The One Thing That A College Degree Won’t Give You (But Every Employer Is Looking For)

Experience definitely takes you to places.

Thought Catalog

In 2010, I received my bachelor’s degree from Cornell University. I was a triple major (in English, History, and Italian) and was on the Dean’s List for four semesters. I was also involved in extracurricular activities: I wrote articles for two student magazines, campaigned in the 2008 presidential election, and created a comedic webseries that I organized, wrote, directed, and acted in.

Since graduating college four years ago, I have sold watches at Macy’s, answered e-mails from digital newspaper subscribers, and entered hospital patients’ contact information into billing software: all honest and respectable work, but nothing that required a college education that took four years to complete and thousands of dollars to afford.

Starting a career in this economy has been the most frustrating and demoralizing thing I have ever attempted. I’ve applied to entry-level positions in writing, editing, social media, public relations, publishing, and marketing, yet I was lucky…

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“First Kiss”

Twenty strangers to kiss for the first time…

“I couldn’t decide if it was the best idea I’d ever had or the worst. It was probably the human vulnerability that touched people watching the possibility of love play out in front of your eyes.”

– Tatia Pilieva

Labels are for Clothes: Dispelling PR Stereotypes (Part B)

We had the first two PR stereotypes in the Part A. Now, let’s begin…

The B*tch and the Bunny

Stereotypical PR practitioners – the fluffy and anti-fluff – are often referred to as the so-called PR B*itched and Bunnies.

If you are a fan of tough love and have a no-nonsense attitude then you’re probably be pegged as a PR b*tch. A PR b*tch is fierce and confident (sometimes overconfident).

Kelly “Cutthroat” Cutrone

The ultimate role model for a PR b*itch is Kelly “Cutthroat” Cutrone, founder and head of PR fashion firm People’s Revolution and author of If You Have to Cry, Go Outside: And Other Things Your Mother Never Told You. For these people the industry that requires its players to be competitive and tougher. Being competitive, at times, is not all bad. One should always strive for excellence.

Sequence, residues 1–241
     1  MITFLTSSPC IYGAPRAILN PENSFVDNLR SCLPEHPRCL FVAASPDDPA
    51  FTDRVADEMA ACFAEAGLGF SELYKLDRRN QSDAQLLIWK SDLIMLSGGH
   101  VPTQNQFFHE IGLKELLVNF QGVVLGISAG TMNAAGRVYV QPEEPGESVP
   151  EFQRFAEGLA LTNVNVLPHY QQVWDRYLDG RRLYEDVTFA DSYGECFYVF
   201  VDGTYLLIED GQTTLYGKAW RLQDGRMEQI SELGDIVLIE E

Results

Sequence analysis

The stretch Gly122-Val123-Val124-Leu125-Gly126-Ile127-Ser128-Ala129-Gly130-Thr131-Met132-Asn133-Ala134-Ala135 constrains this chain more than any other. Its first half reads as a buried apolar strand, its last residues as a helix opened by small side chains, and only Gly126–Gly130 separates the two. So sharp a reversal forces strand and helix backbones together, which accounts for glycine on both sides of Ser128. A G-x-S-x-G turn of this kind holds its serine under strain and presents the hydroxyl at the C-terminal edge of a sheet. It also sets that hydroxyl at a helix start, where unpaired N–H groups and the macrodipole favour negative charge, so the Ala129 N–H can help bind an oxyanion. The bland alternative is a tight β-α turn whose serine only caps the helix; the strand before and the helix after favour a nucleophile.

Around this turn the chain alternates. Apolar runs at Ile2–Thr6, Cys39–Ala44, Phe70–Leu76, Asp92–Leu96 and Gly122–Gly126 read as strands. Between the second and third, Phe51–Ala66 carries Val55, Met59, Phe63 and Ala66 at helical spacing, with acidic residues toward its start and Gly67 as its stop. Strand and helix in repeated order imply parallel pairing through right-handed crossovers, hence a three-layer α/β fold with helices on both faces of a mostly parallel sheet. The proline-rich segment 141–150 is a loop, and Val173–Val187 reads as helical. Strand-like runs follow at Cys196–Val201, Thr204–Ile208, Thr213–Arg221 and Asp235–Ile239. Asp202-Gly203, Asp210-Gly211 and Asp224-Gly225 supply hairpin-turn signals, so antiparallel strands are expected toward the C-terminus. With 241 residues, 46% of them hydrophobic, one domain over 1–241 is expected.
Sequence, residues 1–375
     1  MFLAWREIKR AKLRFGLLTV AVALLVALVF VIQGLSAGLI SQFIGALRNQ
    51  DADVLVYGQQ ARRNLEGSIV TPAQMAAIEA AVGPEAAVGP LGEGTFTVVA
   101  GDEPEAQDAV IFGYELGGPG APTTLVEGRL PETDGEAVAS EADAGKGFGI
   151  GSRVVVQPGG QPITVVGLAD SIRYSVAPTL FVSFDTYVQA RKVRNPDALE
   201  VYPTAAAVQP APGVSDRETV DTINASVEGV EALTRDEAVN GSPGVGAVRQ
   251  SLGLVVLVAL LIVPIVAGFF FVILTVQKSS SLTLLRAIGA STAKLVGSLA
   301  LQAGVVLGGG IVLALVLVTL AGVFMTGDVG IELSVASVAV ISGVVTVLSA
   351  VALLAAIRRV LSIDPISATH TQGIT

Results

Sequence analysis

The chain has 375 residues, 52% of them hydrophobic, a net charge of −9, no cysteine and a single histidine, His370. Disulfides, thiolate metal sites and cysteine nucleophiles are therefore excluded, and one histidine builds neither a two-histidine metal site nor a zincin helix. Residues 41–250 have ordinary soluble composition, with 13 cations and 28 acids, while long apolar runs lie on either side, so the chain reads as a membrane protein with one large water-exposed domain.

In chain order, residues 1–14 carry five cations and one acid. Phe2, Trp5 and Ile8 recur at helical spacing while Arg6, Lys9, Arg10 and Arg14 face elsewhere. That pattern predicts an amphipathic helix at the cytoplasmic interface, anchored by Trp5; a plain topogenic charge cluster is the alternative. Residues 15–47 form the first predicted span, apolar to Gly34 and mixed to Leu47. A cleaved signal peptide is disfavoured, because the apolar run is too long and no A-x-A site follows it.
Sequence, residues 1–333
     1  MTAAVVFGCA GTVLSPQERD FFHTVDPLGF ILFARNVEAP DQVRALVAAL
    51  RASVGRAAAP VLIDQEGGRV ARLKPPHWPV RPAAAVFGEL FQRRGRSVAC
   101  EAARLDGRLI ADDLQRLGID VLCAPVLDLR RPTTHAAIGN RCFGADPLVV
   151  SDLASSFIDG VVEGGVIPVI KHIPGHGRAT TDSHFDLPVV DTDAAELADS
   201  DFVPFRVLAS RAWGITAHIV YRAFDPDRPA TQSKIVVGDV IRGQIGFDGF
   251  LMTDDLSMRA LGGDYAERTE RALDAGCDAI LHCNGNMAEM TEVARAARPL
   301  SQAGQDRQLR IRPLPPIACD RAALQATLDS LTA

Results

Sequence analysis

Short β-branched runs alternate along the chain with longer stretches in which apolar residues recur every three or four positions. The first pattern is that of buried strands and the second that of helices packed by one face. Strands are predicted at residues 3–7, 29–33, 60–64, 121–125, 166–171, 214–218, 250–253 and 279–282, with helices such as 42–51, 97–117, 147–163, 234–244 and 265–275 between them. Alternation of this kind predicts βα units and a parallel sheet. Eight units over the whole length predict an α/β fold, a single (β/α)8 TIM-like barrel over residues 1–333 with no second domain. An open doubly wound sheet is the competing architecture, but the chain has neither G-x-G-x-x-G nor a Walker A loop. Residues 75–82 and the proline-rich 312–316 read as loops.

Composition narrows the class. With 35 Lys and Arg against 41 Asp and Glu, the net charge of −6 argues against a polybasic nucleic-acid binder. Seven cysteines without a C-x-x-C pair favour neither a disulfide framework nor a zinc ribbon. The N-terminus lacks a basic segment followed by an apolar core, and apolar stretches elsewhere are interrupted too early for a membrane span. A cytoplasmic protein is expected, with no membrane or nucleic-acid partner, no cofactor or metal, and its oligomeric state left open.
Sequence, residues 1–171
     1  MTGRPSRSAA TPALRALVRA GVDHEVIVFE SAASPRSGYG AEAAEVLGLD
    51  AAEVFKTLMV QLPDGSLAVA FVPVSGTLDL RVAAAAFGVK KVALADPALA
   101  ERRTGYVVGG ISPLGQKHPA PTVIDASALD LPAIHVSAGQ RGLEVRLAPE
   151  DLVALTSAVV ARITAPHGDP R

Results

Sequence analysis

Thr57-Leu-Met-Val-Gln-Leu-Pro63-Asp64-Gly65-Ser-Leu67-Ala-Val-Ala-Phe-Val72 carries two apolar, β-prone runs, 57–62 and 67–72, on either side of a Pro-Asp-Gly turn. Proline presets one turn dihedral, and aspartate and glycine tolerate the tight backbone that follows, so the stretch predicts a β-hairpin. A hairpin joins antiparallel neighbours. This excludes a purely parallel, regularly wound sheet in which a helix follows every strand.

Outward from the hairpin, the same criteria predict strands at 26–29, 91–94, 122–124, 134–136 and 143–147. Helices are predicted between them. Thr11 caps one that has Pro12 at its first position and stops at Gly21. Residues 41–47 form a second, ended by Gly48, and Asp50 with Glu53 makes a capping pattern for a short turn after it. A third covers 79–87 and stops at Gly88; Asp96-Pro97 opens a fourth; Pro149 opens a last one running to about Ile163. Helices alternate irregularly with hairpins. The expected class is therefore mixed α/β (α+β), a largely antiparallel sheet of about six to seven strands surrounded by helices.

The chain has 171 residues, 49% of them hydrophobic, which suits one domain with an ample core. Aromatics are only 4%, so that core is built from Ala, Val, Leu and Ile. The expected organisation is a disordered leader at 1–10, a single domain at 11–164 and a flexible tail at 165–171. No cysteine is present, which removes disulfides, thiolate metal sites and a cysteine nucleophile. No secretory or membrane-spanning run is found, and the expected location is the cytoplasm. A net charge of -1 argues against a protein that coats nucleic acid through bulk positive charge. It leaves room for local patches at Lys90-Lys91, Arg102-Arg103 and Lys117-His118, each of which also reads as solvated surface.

A PR bunny is a young, PR practitioner characterized by a pretty face and a lack of management competence. Like a bunny, they are fluffy and cute and despite of their ability to throwing great parties, and flirting with clients, they are not good at much else. According to this stereotype, PR work is all glamorous. This is highly debatable since it is a must for PR practitioners to dress up. One should be presentable in front of their current and prospect clients. The flirting, on the other hand, is a subjective matter. Both parties simply have to be professional.

If only the knowledge of the Public Relations industry is based from shows like Sex & the City, The Hills and The City, it can be concluded that these stereotypes are true; however, these portrayals of PR practitioners are inaccurate.


Catty Industry

The PR industry may resemble high school cliques as far as being catty is concerned. The reason for these is the nature of the industry and the fact that there is such a tight competition for clients. You have to “fight” for every single position, promotion, and work from the moment you start working. That is why the PR field is known for cattiness.

Cattiness is also associated with the number of females in the industry. However, this must not be the case. Always remember that the industry is not self-regulating. Anyone can enter the industry and clients can hire anyone, making the competition tougher. Some practitioners go too far to get coverage, which could be construed as catty. Another is that there are influential individuals that have catty personality and it works with their specific line of PR.

However, the competition when women are involved is different because it is not women trying to prove that they are better that their male colleagues but that they are better than the other women competing in the industry. The “mean girl syndrome” can be observed if there is any truth to it.